ICE rescinded policy that restricted international students from online classes in the U.S.
July 27, 2020
On July 14 the Trump administration rescinded their policy from the U.S. Immigration and Customs Enforcement that would require international students to leave the country if their classes were held online.
This came as a relief for international students who were worried about their immigration status and their academics during the pandemic. Many students were unsure of how they would proceed under the ICE regulations and had to haphazardly think of options that would allow them to stay in the country.
“I saw some regulations established by ICE toward international students and I just didn’t know how that regulation would affect our status in the U.S. and it recently got retracted, so I think it’s definitely the best outcome for the students like me as many of us were panicking,” said Josh Wu, doctoral student in Engineering.
Before the policy was rescinded, a student decided to create a petition to bypass the ICE restrictions and ensure that international students would be able to continue their studies in the U.S.
“After hearing news of the restrictions set by S.V.P. and ICE, I immediately thought of a loophole that would be able to act as an extra layer of protection for international students since the restrictions weren’t that clear and there was a way to protect students if they wanted to stay here and study in the United States,” said Andres Reso, sophomore in LAS.
The petition would have allowed international students to sign up for a zero credit class that would have optional attendance which may have allowed them to maintain their status. Reso said he was working with some faculty to further develop this course before the policy was rescinded.
“I’m not an international student, but it was a no brainer to help other students just like me that want to study at University of Illinois, but I think also as an international problem,” Reso said. “If we send a large amount of students back to their countries and the country that has not properly handled the pandemic that might cause another surge internationally, which is selfish on our part.”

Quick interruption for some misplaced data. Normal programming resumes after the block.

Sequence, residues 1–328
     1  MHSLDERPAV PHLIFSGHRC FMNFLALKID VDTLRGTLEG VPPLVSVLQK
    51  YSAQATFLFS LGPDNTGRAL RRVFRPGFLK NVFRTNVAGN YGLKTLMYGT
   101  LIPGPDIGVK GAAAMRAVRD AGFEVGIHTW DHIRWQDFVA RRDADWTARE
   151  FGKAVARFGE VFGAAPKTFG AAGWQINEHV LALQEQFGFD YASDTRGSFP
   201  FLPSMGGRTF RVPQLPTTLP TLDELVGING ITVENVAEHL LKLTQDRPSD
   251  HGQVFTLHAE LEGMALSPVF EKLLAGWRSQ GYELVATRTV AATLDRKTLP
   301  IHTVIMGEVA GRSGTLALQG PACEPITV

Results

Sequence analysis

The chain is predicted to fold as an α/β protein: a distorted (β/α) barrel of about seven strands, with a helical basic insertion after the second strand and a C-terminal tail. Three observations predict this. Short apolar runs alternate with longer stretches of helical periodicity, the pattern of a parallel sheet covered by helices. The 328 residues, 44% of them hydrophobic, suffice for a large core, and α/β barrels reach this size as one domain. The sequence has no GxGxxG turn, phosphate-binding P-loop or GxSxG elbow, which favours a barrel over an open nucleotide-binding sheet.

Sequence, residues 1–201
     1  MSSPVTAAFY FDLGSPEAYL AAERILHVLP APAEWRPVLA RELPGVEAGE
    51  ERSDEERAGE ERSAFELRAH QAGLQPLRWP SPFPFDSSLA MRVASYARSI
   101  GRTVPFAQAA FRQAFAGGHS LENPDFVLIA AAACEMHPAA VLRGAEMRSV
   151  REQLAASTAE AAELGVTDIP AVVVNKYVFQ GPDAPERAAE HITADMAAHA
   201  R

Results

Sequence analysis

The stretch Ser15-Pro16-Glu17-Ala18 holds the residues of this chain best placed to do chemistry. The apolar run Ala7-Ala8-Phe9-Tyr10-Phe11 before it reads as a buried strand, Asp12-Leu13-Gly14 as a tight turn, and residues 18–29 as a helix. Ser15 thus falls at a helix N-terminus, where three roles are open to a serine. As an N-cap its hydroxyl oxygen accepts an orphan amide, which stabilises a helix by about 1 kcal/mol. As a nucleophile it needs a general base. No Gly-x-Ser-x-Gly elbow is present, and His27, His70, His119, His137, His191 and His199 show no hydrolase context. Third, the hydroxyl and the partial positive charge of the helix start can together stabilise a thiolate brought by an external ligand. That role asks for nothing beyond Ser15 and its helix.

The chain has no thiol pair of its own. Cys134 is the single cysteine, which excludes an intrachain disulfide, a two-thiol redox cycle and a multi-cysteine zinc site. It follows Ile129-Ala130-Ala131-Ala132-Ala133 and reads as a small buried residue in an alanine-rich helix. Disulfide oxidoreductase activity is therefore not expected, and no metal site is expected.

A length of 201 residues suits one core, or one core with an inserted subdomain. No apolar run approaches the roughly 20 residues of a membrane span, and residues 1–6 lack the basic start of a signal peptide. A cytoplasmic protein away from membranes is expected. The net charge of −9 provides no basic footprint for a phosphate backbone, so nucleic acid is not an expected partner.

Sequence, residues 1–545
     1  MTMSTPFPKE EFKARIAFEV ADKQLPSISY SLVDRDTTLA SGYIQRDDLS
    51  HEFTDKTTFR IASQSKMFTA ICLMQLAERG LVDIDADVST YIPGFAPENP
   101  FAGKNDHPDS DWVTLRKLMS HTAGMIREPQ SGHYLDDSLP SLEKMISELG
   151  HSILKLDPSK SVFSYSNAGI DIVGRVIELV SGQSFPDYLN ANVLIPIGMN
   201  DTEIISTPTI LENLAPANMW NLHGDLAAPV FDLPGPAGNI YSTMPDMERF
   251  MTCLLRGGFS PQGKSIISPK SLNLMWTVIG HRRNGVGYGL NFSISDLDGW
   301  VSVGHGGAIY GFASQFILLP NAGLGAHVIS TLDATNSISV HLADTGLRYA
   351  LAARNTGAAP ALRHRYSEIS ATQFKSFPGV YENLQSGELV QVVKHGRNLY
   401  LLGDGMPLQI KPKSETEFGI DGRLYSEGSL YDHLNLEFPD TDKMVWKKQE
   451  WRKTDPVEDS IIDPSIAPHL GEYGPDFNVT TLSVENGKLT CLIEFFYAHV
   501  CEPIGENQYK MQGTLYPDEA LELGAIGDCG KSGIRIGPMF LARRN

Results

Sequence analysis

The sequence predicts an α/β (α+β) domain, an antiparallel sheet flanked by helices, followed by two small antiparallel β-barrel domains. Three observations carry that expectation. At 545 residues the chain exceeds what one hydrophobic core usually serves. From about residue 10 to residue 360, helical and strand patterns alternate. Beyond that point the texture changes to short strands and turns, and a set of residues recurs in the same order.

Other than the petition, the University had been continuously updating students about their stance on the ICE policy. They had filed an amicus brief in response to the lawsuit against the Trump administration by Harvard and MIT, which highlighted their support for international students.
“I have a very good impression of what the University did and I think they did a very good job, especially the international students office. They provide us with appropriate guidelines about what we should do and that’s exactly what we needed when the rules were established,” Wu said.
Even though the ICE policy has been redacted, this sudden change has resulted in some international students being wary of studying in the U.S. as they fear that they might face another situation similar to this.
“Before this year the United States was the first choice for international students to study but now maybe the US is not the first choice. I know that some people are talking about Canada or maybe Europe because the situation in the U.S. is not stable for a future study plan,” Wu said. “So personally, I’m still going to be prepared in case a new rule comes out for international students or any kind of immigrant.”
The Trump administration had redacted the policy the same day Harvard and MIT had their first hearing for the federal lawsuit against the ICE policy.
“I really appreciate that a lot of people stand up against the ICE regulations. Usually I don’t think news about international students attracts too much attention but this one had a lot of people stand up against it and it makes me feel very motivated as I see peers who are coming to study here welcoming international students,” Wu said.